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Abel Ferrara, The King of New York

Book Review by Paula Nechak
24 September 1999

The Bad Lieutenant, The Addiction, King of New York, Fear City, The Funeral. Just reading some of the titles on Abel Ferrara's resume of squalid and dark urban film fables tinges this director's name with a pornographic piquancy.

But after reading Nick Johnstone's engaging film/biography on the difficult, temperamental, renegade - and romantic - Ferrara, we catch a glimpse as to why he became who he is. He flagrantly cultivated his creative eye from the equally difficult and breathtakingly innovative work of realist-symbolist directors like Frenchman Jean-Luc Godard, Polish auteur Roman Polanski, Italian Pier Paolo Pasolini and the German director Rainer Werner Fassbinder.

Yet while these international groundbreakers may have stoked his youthful creative fire, in truth, he's still more a product of the Bronx, where he was born on July 19, 1951, and the films of his own outlaw ouevre including Martin Scorsese, Paul Schrader and James Toback, a trio of bad-boy survivors who glorified the gritty urban street violence, shifting sex roles and disenchantment that tainted a generation tattooed by the idealistic, hedonistic '60s.

Johnstone tells us that Ferrara hated his youth and struggled to find his niche. He went to movies and married early just to find that one escape route was salvation - and the other both muse and misery. Like Scorsese and Robert DeNiro, his focus and more instrumental relationship was with another man - Nicholas St. John - who has written the most complex of the Ferrara film screenplays.

The first half of Johnstone's book is the best. Maybe it's because we aren't as privy to the early works (though ironically, Ferrara's latest films aren't readily accessible either. Two of his latest movies, Blackout, which stars Matthew Modine is only available through Video Source in Miami and Blue Rose Hotel, which received release earlier this year in France has no scheduled opening date in the States) like The Driller Killer, Fear City and Ms. 45.

But Johnstone lovingly provides a detailed plot line for all of Ferrara's films. Still, there is clearly some attachment to these seminal and defining - as well as defiant - early works, which, though they have pulled from other sources, also eventually provided a pointof departure for recent films like Mute Witness. For it's here that Ferrara found his voice. Though he has always proven to be a prickly pear with censors (he's largely banned in England) Ferrara is a director who welcomes a certain amount of input from his actors and is alternately hurt when audiences don't understand his voice.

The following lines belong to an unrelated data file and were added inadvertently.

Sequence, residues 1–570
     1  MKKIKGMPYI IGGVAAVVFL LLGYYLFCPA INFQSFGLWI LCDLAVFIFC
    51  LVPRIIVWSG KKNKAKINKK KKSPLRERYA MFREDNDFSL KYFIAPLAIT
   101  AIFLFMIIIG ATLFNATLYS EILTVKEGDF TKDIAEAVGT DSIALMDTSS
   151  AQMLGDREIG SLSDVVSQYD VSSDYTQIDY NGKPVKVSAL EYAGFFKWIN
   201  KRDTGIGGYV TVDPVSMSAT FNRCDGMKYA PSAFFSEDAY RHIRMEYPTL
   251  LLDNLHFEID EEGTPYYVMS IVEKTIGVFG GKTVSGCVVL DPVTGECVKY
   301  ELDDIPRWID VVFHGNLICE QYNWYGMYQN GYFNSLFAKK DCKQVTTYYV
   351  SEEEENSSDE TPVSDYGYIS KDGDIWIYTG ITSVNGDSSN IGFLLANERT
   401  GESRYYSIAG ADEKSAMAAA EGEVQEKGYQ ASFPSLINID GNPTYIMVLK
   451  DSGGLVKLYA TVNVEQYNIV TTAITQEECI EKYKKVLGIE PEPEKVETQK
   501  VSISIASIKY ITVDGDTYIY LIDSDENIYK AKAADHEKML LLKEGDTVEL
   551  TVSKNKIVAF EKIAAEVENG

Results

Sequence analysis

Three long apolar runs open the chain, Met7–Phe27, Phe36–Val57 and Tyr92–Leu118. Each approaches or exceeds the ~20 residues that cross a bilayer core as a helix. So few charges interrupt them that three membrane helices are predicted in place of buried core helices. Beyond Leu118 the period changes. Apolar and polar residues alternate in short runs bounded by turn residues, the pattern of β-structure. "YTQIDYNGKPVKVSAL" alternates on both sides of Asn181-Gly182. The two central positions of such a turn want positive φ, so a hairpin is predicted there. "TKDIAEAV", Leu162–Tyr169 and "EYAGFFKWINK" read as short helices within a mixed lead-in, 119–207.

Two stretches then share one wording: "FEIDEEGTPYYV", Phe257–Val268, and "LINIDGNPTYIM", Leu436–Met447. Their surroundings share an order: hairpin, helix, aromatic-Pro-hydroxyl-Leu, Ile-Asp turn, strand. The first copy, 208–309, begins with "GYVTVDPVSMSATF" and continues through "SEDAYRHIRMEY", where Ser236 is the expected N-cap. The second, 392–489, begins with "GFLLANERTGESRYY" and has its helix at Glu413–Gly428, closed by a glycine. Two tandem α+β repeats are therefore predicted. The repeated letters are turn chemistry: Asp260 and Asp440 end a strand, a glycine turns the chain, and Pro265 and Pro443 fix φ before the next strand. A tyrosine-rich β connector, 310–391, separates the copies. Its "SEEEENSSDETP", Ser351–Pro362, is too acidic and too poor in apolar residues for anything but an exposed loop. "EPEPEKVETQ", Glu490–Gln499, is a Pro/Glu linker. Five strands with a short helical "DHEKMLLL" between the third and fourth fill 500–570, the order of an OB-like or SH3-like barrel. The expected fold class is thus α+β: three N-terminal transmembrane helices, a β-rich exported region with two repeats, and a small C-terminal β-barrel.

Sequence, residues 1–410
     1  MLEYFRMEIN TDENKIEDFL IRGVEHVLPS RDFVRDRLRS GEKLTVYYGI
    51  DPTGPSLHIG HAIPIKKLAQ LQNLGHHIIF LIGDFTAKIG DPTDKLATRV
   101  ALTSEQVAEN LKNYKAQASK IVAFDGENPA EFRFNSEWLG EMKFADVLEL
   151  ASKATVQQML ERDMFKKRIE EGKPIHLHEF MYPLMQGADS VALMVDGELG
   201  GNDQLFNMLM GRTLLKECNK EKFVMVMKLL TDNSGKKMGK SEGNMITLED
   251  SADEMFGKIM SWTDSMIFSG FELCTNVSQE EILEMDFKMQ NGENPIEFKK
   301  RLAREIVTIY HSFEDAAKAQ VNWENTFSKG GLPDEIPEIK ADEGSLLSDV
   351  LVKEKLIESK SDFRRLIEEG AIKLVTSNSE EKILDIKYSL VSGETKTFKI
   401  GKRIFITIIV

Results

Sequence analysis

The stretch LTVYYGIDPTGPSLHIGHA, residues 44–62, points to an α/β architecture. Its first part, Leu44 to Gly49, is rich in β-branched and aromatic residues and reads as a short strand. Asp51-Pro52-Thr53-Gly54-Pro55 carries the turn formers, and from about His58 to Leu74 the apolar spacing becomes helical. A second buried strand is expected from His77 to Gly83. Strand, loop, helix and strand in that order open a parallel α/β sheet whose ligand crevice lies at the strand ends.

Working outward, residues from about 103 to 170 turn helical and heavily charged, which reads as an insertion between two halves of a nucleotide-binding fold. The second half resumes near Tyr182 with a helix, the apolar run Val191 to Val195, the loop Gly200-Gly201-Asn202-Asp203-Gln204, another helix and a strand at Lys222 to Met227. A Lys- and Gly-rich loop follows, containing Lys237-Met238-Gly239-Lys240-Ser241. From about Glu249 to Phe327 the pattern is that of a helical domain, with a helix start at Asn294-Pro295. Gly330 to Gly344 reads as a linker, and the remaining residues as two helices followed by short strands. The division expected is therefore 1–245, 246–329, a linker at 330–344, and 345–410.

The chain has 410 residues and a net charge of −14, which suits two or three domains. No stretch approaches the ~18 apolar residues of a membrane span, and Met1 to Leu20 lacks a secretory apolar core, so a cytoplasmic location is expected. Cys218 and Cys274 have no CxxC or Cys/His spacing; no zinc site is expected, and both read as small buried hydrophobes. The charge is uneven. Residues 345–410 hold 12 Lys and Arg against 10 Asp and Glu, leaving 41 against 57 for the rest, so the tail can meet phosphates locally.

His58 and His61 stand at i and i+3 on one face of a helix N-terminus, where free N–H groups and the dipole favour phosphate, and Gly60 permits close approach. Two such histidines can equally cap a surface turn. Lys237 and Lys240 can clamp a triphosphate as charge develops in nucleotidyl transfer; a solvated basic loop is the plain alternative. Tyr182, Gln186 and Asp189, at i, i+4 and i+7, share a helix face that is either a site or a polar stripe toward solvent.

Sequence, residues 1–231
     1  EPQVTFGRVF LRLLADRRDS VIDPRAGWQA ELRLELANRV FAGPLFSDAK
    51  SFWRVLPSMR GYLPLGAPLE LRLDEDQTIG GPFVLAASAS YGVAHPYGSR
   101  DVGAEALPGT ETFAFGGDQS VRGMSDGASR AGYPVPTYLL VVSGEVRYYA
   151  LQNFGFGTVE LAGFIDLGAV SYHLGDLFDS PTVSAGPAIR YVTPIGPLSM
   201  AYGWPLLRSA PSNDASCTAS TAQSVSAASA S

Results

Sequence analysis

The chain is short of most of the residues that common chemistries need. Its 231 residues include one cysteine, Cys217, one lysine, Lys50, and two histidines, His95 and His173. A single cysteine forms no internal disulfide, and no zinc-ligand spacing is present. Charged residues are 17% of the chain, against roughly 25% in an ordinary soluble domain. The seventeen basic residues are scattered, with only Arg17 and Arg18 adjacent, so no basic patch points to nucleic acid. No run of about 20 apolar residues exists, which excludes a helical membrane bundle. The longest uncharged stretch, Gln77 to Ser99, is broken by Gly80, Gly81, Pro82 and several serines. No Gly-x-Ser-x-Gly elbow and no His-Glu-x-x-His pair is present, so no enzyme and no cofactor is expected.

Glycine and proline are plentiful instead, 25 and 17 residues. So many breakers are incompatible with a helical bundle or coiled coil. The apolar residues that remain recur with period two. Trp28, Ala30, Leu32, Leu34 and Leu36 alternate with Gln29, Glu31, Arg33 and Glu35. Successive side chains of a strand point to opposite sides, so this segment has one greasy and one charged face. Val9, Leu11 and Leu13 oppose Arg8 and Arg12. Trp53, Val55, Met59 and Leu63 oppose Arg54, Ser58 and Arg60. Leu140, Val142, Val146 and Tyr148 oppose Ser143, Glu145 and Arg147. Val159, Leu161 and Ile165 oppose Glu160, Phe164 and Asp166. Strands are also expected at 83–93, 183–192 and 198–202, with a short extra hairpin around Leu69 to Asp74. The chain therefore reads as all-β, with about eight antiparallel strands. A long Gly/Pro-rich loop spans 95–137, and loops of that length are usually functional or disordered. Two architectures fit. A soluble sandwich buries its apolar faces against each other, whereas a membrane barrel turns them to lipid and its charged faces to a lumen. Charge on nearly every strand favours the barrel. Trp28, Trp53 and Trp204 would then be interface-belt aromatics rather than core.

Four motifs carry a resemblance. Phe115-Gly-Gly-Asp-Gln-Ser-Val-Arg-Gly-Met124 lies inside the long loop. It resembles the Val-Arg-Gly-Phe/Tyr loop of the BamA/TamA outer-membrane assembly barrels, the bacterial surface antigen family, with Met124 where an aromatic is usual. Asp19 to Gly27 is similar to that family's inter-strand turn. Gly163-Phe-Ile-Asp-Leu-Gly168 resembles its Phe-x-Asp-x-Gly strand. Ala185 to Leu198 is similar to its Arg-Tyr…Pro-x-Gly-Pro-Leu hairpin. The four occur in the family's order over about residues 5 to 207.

It may be that he has to trust (and trust is a key word in his psychological profile) before he can let go of control. Frequent collaborator, actor Christopher Walken, who has starred in four of the director's projects, has praised the improvisational atmosphere on the set of King of New York. On the “Bravo Arts” program, Inside the Actor's Studio, he claimed he and Wesley Snipes were often allowed freedom to create their own scenario:  "Okay, there's a body in the trunk. I'm gonna open it. What are you gonna say?" said the actor as he recounted a day on the set. But to others not familiar with Ferrara's style and hands-on approach, life on a Ferrara film set could be hell if the arbitrary director was suffering from a frequent hangover or bad mood.

Still, he's a guy who at least is amenable to redemption for his characters. Like most Catholics, Ferrara is inbred with an inordinate amount of guilt and repression, combined with sexual suffering that pushes him to purge his demons through films that alternately combine great beauty and innocence (and even romanticism) with punishment, pain, ugliness and stark, dark realism and denigration. 

There are some terrific bits in Johnstone's book about Harvey Keitel, who after reading the script of The Bad Lieutenant, arguably Ferrara's most repulsive and beautiful film, didn't want to play the character. But when his marriage to actress Lorraine Bracco suddenly broke up, he found that he had to find a way to forgive. Making the film was his conduit and therapy.

Johnstone ultimately resorts to redundancy to keep his critical analysis of Ferrara's work from flagging but he's good at capturing the mood, fury and thunder of a particular film as well as dismissing that which isn't very interesting on the director's resume (like his TV work on series like Miami Vice and Gladiator). But like many literary-movie infusions, Johnstone's book almost parallels Ferrara's career in film. Abel Ferrara hasn't yet expunged or exorcised his personal psychological hells and vices. He just slightly changes the milieu of every project in order to circuitously come back to the same place to again nibble away at the same despair from a new angle. Johnstone likewise must rely upon the reconstruction of old in order to explain the new. I can't say this book is a boring read because it certainly isn't -- it’s fascinating and well-written, but it just is doomed to suffer the sin of the subject matter. 

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Book Details:

  • Abel Ferrara, The King of New York. By Nick Johnstone. 1999. Omnibus Press. 228 pages.

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